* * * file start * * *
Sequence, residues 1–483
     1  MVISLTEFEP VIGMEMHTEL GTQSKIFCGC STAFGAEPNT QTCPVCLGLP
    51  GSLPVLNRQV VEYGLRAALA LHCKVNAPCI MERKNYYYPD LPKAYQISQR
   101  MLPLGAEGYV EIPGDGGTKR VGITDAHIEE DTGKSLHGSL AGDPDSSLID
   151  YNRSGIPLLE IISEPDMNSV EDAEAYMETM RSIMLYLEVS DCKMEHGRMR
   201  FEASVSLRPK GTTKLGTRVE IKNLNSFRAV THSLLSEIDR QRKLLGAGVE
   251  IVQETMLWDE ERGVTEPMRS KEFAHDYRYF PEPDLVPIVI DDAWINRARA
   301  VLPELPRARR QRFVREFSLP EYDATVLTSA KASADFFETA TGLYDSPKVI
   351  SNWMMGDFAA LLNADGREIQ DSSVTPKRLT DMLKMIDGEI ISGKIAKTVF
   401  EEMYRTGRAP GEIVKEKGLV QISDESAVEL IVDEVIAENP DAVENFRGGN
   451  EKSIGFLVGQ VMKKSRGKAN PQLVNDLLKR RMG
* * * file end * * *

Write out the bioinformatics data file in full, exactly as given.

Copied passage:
Sequence, residues 1–483
     1  MVISLTEFEP VIGMEMHTEL GTQSKIFCGC STAFGAEPNT QTCPVCLGLP
    51  GSLPVLNRQV VEYGLRAALA LHCKVNAPCI MERKNYYYPD LPKAYQISQR
   101  MLPLGAEGYV EIPGDGGTKR VGITDAHIEE DTGKSLHGSL AGDPDSSLID
   151  YNRSGIPLLE IISEPDMNSV EDAEAYMETM RSIMLYLEVS DCKMEHGRMR
   201  FEASVSLRPK GTTKLGTRVE IKNLNSFRAV THSLLSEIDR QRKLLGAGVE
   251  IVQETMLWDE ERGVTEPMRS KEFAHDYRYF PEPDLVPIVI DDAWINRARA
   301  VLPELPRARR QRFVREFSLP EYDATVLTSA KASADFFETA TGLYDSPKVI
   351  SNWMMGDFAA LLNADGREIQ DSSVTPKRLT DMLKMIDGEI ISGKIAKTVF
   401  EEMYRTGRAP GEIVKEKGLV QISDESAVEL IVDEVIAENP DAVENFRGGN
   451  EKSIGFLVGQ VMKKSRGKAN PQLVNDLLKR RMG